Observations on the physiological interactions between obesity and asthma.
ABSTRACT To explore whether asthma and obesity share overlapping pathogenic features, we examined the impact of each alone, and in combination, on multiple aspects of lung function. We reasoned that if they influenced the lungs through similar mechanisms, the individual physiological manifestations in the comorbid state should interact in a complex fashion. If not, then the abnormalities should simply add. We measured specific conductance, spirometry, lung volumes, and airway responsiveness to adrenergic and cholinergic agonists in 52 normal, 53 asthmatic, 52 obese, and 53 asthmatic and obese patients using standard techniques. Six-minute walks were performed in subsets from each group. Asthma significantly lowered specific conductance and the spirometric variables while increasing airway reactivity and residual volume. Obesity also reduced the spirometric variables as well as total lung capacity and functional residual capacity. Residual volume, specific conductance, and airway responsivity were unaltered. With comorbidity, the disease-specific derangements added algebraically. Features that existed in isolation appeared unchanged in the combination, whereas shared ones either added or subtracted depending on the individual directional changes. Synergistic interactions were not observed. Body mass index weakly correlated with spirometry and lung volumes in asthma, but not with specific conductance or bronchial reactivity. Exercise performance did not aid in differentiation. Our findings indicate asthma and obesity appear to influence the respiratory system through different processes.
- SourceAvailable from: Nelson A Rosário[Show abstract] [Hide abstract]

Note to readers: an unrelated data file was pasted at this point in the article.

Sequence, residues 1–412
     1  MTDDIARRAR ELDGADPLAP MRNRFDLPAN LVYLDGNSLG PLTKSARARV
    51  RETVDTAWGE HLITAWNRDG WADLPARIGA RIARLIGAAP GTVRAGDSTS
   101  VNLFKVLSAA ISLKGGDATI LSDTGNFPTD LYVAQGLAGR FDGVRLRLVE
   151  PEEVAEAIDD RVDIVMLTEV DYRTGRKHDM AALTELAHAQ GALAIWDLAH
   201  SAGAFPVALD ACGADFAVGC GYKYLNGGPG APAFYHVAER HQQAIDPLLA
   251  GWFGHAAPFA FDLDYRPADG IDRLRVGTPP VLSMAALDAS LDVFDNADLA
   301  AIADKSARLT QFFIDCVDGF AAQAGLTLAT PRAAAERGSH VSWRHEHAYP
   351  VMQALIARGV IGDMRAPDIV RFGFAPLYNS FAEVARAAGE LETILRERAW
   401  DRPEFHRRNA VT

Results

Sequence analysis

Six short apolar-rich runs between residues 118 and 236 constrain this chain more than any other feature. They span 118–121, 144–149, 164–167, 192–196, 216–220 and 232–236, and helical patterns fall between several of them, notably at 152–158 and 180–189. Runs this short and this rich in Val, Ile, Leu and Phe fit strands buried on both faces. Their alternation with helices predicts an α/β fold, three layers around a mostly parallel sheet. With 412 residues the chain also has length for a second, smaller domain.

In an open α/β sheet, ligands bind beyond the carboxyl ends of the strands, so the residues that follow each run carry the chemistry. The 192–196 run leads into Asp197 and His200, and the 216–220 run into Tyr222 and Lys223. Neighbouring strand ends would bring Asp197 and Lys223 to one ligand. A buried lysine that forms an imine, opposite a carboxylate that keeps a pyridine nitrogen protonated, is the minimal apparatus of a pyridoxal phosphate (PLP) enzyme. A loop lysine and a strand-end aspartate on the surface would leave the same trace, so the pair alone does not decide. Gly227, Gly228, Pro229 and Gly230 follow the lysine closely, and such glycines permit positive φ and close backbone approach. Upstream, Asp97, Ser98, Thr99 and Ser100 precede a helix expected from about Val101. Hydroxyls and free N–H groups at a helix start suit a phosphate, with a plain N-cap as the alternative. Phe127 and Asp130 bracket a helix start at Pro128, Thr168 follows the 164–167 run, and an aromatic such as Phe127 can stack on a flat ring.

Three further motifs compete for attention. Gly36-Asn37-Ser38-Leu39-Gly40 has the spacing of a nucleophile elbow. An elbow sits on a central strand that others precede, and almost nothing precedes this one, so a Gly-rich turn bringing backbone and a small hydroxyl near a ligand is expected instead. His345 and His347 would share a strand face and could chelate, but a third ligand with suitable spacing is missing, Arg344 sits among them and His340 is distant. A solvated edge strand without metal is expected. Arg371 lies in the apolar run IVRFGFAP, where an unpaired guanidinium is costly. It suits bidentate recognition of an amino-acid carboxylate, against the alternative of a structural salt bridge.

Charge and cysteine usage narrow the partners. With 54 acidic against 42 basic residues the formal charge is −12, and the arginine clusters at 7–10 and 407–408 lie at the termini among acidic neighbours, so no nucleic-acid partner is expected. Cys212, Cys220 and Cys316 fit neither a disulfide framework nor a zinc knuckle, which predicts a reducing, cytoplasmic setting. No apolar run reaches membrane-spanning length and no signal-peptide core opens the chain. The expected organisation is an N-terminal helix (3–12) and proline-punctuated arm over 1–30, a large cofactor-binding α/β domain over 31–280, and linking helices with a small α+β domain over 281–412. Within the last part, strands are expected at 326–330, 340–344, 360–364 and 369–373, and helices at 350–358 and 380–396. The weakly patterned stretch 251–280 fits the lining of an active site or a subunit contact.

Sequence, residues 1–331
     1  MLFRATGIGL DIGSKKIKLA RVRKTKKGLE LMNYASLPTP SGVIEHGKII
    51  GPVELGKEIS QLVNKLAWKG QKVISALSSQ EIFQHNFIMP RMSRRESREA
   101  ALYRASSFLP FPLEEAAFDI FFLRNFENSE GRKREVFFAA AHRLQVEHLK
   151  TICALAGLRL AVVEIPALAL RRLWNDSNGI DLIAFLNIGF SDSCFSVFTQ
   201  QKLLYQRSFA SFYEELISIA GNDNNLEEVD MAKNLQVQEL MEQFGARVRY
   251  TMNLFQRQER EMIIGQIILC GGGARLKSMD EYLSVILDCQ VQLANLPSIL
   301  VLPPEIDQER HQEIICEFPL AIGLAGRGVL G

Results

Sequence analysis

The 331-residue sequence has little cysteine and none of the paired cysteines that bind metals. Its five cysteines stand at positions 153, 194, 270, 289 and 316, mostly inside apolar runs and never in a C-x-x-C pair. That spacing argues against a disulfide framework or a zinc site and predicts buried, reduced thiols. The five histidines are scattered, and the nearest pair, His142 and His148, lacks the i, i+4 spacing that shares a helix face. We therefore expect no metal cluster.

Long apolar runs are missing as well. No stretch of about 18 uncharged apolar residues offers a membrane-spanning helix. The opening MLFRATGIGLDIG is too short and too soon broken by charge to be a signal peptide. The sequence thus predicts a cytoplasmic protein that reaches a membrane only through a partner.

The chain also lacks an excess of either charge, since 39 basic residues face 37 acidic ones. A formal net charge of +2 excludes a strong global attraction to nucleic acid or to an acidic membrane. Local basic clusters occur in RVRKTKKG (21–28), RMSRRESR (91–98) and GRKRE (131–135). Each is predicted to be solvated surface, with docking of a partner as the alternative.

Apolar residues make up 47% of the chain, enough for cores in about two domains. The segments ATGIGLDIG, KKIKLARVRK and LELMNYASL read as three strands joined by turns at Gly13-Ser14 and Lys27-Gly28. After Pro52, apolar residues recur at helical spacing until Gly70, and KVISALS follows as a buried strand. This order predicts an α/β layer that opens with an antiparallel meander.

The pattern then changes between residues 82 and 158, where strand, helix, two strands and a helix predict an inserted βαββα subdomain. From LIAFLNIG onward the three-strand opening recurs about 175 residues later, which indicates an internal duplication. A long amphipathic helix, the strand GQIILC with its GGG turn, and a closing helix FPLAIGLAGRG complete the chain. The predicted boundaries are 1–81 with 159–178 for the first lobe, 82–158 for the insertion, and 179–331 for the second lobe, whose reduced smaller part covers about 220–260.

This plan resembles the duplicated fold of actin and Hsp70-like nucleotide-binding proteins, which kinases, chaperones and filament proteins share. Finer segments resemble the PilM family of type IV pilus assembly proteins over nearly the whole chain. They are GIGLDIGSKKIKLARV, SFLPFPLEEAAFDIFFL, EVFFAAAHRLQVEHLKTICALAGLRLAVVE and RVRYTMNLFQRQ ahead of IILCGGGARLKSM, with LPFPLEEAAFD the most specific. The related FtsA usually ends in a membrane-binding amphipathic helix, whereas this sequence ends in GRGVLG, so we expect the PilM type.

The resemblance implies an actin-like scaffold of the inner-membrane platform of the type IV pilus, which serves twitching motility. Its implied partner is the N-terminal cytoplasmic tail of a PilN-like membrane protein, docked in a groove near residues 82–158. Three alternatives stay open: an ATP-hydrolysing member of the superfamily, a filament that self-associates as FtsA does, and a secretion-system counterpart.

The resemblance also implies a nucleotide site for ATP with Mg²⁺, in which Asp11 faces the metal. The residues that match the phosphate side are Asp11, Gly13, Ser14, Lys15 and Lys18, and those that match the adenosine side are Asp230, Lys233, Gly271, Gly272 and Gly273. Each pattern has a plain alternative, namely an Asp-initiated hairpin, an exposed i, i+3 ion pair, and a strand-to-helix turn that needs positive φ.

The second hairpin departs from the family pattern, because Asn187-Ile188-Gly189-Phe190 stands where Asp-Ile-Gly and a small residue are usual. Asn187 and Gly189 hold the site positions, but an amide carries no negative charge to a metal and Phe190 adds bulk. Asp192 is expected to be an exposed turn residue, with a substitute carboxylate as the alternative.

ABSTRACT: OBJETIVO: Avaliar e comparar a frequência e intensidade do broncoespasmo induzido pelo exercício (BIE) em adolescentes asmáticos obesos e não-obesos. MÉTODOS: Estudo transversal e descritivo realizado com 39 adolescentes de ambos os sexos, com idade entre dez e 16 anos, divididos em dois grupos conforme o histórico clínico de asma e/ou rinite alérgica e o índice de massa corporal: asmáticos obesos (n=18); asmáticos não-obesos (n=21). Utilizou-se o teste de broncoprovocação com exercício para a avaliação do BIE, considerando-se positiva uma diminuição do volume expiratório forçado no primeiro segundo (VEF1) >15% do valor pré-exercício. Para avaliar a intensidade e a recuperação do BIE, foram calculadas a queda percentual máxima do VEF1 (QM%VEF1) e a área acima da curva (AAC0-30). A análise estatística utilizou o teste exato de Fischer para comparar a frequência de BIE e o teste de Mann-Whitney para a intensidade e recuperação. Rejeitou-se a hipótese de nulidade se p<0,05. RESULTADOS: Não houve diferença significativa na frequência de BIE entre os grupos de asmáticos obesos (50%) e não-obesos (38%). Entretanto, a queda máxima do VEF1 e a AAC0-30 foram maiores nos asmáticos obesos em comparação aos não-obesos (respectivamente 37,7% e 455 versus 24,5% e 214, p<0,03). CONCLUSÕES: A obesidade não contribuiu para o aumento da frequência do BIE em asmáticos e não-asmáticos, entretanto, a obesidade contribuiu para o aumento da intensidade e do tempo de recuperação da crise de BIE em asmáticos.Revista Paulista de Pediatria 03/2010; 28(1):36-40.